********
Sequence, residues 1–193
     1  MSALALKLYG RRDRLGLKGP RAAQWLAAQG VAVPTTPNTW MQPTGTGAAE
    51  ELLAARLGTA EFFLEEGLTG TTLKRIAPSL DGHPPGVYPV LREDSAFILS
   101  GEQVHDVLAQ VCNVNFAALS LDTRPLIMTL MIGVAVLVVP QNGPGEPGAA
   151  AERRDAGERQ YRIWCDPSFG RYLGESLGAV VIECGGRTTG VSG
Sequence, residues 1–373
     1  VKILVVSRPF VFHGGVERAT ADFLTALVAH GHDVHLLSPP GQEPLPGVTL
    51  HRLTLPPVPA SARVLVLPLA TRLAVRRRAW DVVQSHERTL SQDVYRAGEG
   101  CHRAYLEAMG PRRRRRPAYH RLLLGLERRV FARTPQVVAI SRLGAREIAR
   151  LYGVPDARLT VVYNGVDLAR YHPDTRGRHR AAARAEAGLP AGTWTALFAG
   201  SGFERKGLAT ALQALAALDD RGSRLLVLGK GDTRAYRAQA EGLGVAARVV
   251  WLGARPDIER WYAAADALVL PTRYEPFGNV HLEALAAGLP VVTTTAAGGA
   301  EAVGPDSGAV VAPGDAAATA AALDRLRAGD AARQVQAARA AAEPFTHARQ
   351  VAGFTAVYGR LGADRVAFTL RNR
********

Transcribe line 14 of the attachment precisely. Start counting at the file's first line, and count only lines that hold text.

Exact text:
   351  VAGFTAVYGR LGADRVAFTL RNR